The huge headache in licensing regulation is very real, something Cundall again has experienced at close hand.

“The process is not straightforward. In the same way that customer demographics differ by State, so do the various licensing and regulatory requirements.

“Having an internal resource that knows the landscape is absolutely crucial for keeping pace with the ever-changing nature of the US opportunity. If the required experience is lacking, then complying with the vast amount of rules and regulations can be a showstopper in terms of fundamentally getting started.

“Creating a trusting relationship with the state-by-state regulators is also a vital component to success, with each territory requiring slightly different actions. The channel of communication between operator and regulator is paramount to sustained forward momentum.”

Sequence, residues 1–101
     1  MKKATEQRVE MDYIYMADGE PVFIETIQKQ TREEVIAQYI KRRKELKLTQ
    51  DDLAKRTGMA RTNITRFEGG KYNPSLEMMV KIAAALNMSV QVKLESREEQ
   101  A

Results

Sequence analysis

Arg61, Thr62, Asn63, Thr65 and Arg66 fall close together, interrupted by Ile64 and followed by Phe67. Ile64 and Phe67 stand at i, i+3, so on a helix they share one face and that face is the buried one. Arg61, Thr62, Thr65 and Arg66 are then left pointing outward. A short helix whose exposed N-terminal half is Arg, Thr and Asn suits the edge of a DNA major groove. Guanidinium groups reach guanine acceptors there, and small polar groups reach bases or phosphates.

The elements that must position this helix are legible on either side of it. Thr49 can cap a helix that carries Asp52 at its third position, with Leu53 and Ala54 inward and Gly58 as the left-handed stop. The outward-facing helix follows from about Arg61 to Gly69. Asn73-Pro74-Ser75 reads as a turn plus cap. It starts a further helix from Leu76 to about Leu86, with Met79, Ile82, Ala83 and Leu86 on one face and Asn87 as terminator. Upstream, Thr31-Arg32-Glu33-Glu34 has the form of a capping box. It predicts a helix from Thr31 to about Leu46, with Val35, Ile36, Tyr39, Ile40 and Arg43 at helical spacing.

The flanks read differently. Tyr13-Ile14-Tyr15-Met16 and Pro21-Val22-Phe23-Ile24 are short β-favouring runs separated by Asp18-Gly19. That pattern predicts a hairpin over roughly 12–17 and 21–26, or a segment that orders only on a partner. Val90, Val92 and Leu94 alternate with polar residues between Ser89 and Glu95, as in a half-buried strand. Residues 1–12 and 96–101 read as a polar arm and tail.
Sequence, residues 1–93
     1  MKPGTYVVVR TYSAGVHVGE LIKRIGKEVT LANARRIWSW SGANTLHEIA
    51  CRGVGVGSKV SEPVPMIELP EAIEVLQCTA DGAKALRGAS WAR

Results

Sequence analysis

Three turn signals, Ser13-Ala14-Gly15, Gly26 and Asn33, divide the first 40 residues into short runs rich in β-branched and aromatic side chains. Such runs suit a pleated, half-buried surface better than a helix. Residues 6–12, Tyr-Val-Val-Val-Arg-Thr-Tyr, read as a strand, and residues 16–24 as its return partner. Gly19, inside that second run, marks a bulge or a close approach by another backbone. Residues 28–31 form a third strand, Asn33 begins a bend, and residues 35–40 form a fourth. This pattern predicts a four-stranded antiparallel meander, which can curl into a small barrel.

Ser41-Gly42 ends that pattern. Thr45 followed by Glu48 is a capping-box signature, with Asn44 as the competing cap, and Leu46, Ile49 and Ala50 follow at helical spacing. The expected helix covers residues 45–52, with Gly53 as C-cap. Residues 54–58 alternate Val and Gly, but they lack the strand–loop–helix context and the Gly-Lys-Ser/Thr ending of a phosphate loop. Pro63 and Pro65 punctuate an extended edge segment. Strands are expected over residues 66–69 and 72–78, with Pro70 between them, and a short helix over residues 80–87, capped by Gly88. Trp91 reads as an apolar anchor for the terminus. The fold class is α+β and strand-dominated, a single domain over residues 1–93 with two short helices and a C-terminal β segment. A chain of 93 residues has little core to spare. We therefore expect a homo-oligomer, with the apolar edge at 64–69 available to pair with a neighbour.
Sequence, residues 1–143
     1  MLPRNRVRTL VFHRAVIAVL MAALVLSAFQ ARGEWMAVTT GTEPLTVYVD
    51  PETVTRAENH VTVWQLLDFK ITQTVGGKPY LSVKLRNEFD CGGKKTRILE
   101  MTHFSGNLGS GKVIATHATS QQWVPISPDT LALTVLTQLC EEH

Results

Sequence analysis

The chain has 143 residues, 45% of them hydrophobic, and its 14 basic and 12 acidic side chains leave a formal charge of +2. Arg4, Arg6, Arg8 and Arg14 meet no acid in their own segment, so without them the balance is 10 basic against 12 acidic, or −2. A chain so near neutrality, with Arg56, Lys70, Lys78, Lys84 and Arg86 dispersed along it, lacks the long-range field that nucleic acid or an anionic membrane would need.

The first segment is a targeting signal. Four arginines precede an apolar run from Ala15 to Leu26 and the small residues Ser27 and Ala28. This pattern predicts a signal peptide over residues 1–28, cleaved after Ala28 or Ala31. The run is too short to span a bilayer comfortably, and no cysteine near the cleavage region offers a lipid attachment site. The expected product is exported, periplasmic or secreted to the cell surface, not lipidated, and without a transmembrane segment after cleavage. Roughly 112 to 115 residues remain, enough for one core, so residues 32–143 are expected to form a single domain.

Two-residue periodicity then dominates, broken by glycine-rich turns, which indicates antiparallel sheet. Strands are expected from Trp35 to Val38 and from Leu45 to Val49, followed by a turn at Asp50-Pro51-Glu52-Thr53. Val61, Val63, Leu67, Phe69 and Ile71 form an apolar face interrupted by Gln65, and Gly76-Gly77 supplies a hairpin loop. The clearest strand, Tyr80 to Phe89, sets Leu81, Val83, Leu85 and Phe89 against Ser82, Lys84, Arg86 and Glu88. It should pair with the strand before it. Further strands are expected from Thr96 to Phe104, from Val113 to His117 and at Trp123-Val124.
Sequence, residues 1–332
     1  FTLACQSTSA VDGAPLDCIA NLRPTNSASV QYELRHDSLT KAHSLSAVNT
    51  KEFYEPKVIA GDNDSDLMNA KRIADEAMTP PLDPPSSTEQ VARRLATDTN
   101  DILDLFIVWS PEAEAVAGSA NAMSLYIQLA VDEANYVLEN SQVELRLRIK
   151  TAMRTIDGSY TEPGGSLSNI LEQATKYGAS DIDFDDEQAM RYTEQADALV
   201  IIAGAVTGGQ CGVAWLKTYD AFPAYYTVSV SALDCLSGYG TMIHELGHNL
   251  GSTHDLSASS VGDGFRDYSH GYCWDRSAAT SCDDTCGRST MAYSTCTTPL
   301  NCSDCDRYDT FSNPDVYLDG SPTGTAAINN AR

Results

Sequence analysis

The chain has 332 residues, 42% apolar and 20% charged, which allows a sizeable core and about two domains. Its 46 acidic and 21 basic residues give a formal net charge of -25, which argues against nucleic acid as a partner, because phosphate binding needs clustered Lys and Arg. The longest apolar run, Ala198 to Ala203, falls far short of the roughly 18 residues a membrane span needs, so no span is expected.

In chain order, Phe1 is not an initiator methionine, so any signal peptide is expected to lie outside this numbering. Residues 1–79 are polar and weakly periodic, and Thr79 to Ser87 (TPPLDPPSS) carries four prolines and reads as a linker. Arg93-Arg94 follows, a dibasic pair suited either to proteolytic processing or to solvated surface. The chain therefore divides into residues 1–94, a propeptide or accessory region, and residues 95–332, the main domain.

It is no surprise against this background that there is a significant need in the marketplace for support from a compliance perspective.

ArdentSky LLC is the market leader in this space, and has been navigating the regulatory space for a string of high-profile clients since PASPA was struck down in May 2018.

Elliot Blatt, Chief Marketing Officer for ArdentSky, outlined the sheer scale of the challenge for entrants to the market, and how these challenges can be mitigated.

“Anybody who enters this sports betting market is blown away by the level of complexity. Getting a business set up to legally operate in one state is a major challenge. But then imagine doing it in 20, all the time responding to changes in those plus new ones opening up?

“What we’ve been able to do is automate and facilitate so many processes which otherwise just drain resources from our clients. We not only act as a buffer between them and the regulator, we also inform them and communicate. We act as the glue that holds everything together.

“The financial rewards here are astronomical if operators can gain audience share with the right product offering. But the back-room challenges from a compliance perspective should never be overlooked – they can be a major blocker to future success.”